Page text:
Lt. Governor John Fetterman formally declares candidacy for the US Senate Information | Pittsburgh
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After weeks of pointing out the possibility, Lt. Governor John Fetterman (D-Braddock) will start his official run for the US Senate in 2022 on Monday, February 8th. The Pennsylvania seat is available after the US Senator. Pat Toomey (R-Lehigh) announced last year that he will not seek re-election.
Fetterman, who serves alongside Governor Tom Wolf, D-York, ran for lieutenant governor in 2018, defeating reigning Mike Stack and several other challengers in Democratic Elementary School. He then took on the role when Wolf won re-election in 2018. During his tenure, Fetterman made a name for himself as the more vocal progressive between himself and Wolf, pushing the governor to speak out directly on issues like the legalization of recreational marijuana. Prior to taking office as Lieutenant Governor, Fetterman was Mayor of Braddock from 2005 to 2008.
In his campaign announcement, Fetterman portrayed himself as someone who can appeal to many different groups in Pennsylvania, including more conservative voters who live in rural or small towns, and even Democrats who voted for Donald Trump.
“We don’t have to agree on everything, but I’ll always tell you what I think is the truth,” he said in his announcement video. “I will fight, not for part of Pennsylvania, not for a party from Pennsylvania, but for a Pennsylvania.”
In a press release accompanying the announcement, Fetterman also noted his support for several progressive issues, including his support for trade unions, criminal justice reform and protecting people in the LGBTQ community. In an interview, he also said he supported ending the filibuster rule in the Senate.
“I think every community and county in Pennsylvania is worth fighting for,” said Fetterman. “As a member of the US Senate, I will never stop fighting for these core values and these communities as I have for the past 20 years.”
This will be Fetterman’s second race in the Senate. It ran in 2016 but lost the nomination to Democrat Katie McGinty, who in turn lost the race to reigning Toomey. But Fetterman still received significant support during his first run, garnering 20% of the vote, and winning Allegheny County.
The announcement of Fetterman’s second Senate run comes as no surprise as the media attention he has been wooing since he was mayor has increased significantly in recent months. Fetterman appears regularly on national television to express his contempt for Trump or to advocate legal marijuana. When Trump threatened to file lawsuits to discredit votes in Pennsylvania, NBC said: “[Trump] could sue a ham sandwich and it won’t change a thing. ”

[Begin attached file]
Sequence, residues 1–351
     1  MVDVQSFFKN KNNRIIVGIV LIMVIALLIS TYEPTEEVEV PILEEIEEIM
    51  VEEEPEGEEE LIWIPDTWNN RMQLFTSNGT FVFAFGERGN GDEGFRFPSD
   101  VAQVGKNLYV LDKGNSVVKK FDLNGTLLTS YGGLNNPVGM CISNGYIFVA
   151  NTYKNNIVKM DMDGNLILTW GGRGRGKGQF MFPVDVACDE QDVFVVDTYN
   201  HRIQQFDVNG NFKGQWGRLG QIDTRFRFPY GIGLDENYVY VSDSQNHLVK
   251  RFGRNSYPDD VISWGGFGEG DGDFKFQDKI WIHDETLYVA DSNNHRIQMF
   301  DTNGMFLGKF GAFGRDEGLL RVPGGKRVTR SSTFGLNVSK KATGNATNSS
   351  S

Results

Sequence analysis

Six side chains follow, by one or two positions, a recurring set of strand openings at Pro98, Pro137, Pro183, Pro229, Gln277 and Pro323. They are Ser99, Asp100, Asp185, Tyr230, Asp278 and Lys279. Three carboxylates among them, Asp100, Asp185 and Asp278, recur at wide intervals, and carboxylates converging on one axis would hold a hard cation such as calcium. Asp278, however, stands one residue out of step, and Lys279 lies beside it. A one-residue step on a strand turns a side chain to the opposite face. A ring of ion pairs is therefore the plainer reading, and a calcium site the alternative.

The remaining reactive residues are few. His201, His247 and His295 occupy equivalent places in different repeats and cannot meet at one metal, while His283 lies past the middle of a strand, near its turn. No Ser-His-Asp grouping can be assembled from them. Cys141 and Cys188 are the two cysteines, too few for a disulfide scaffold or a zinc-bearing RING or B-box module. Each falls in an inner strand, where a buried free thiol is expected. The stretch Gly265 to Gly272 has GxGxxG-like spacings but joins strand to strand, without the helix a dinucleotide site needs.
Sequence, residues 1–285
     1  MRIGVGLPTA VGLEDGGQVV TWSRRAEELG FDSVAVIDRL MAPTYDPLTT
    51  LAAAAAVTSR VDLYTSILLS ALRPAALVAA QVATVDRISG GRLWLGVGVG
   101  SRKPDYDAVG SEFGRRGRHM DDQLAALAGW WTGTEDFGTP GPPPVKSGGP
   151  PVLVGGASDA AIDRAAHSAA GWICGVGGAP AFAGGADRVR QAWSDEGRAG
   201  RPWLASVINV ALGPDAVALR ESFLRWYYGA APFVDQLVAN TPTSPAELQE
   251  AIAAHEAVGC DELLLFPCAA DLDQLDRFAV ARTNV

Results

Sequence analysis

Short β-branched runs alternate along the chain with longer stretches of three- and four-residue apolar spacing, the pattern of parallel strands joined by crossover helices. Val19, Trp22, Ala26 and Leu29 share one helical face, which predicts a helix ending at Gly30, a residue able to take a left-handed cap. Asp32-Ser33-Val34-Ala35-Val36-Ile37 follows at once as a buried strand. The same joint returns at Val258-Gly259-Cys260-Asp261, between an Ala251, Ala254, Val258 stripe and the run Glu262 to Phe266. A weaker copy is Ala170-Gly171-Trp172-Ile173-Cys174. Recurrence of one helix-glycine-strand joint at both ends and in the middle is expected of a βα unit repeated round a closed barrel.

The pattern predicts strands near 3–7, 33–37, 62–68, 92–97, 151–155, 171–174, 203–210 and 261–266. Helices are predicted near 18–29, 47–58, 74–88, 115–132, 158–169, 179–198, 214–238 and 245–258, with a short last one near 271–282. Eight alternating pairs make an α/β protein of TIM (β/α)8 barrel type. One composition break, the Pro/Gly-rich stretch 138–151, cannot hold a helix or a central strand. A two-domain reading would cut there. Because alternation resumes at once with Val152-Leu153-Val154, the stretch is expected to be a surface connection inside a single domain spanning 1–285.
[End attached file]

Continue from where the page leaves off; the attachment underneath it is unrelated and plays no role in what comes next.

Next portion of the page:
Along with his wife, Gisele Fetterman, he has been featured on news outlets across the state, as well as in Teen Vogue and Glamor magazines.
As national attention for Fetterman has grown, outsiders have learned to appreciate or marvel at the first thing anyone notices about Fetterman, which is his 6-foot-8-inch height, abundant tattoos, and aggressively casual looks. The man is known for wearing the same worker’s button-down on almost every photo.
For all the attention he gets on social media and the news, Fetterman is not without his critics from both walks of the political spectrum. Last month, Republicans in the Pennsylvania General Assembly said he had broken process in trying to get lawmakers to the seat of Senator Jim Brewster (D-McKeesport), whose seat the Republicans refused. They also passed a bill specifically targeting Fetterman for hanging flags with a marijuana leaf and a Pride rainbow out of his office window.
During his first run in the Senate, the University of Pittsburgh Young Democratic Socialists declined to endorse Fetterman, citing doubts because Fetterman endorsed former MP Paul Costa (D-Wilkins), who they believed was not an access to abortion. In January 2020, Fetterman was also criticized by environmentalists for a story in the New York Times in which he discussed why he was against an outright fracking ban.
In its press release, Fetterman’s team said they raised $ 1.3 million in donations over the past few weeks that they received before Fetterman officially announced its campaign. Fetterman’s campaign was backed by the United Steelworkers District 10 and United Food and Commercial Workers Local 1776 unions.